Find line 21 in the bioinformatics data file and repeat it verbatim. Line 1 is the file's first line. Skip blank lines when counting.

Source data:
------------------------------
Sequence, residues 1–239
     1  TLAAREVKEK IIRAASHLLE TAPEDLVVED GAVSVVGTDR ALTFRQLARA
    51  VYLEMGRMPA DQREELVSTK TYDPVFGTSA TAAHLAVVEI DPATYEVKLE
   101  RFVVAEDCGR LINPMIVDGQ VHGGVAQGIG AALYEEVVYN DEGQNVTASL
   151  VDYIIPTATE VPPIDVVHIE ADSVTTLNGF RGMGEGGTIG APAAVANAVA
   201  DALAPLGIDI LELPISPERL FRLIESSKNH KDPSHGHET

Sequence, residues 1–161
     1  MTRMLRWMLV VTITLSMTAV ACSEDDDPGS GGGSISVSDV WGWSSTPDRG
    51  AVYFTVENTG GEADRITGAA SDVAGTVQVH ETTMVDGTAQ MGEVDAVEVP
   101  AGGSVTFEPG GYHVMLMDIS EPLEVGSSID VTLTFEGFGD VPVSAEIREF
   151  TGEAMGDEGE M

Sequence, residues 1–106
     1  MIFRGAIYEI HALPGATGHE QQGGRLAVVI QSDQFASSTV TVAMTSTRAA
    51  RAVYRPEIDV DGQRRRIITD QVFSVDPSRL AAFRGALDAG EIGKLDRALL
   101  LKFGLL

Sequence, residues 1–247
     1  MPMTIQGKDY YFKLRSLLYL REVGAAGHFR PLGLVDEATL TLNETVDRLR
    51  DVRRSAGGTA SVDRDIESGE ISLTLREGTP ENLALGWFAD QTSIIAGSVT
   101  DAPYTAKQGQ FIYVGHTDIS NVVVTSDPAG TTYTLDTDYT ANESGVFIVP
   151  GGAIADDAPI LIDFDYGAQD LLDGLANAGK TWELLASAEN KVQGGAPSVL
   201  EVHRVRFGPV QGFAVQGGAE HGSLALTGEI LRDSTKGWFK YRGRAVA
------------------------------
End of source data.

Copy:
   201  EVHRVRFGPV QGFAVQGGAE HGSLALTGEI LRDSTKGWFK YRGRAVA